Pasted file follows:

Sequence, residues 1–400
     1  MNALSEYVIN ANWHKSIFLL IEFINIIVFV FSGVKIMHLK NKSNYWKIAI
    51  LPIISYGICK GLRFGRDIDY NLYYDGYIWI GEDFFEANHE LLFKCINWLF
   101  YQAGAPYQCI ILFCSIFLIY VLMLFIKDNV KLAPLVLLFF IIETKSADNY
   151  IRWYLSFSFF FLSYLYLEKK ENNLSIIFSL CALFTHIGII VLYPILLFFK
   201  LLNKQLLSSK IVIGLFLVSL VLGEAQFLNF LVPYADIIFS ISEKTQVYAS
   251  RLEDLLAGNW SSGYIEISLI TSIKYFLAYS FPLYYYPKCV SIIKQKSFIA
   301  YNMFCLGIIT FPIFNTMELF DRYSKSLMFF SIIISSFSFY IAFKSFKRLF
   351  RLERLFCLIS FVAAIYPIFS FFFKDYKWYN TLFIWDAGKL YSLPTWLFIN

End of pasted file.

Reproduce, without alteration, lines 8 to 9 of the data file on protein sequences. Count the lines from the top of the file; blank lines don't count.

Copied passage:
   301  YNMFCLGIIT FPIFNTMELF DRYSKSLMFF SIIISSFSFY IAFKSFKRLF
   351  RLERLFCLIS FVAAIYPIFS FFFKDYKWYN TLFIWDAGKL YSLPTWLFIN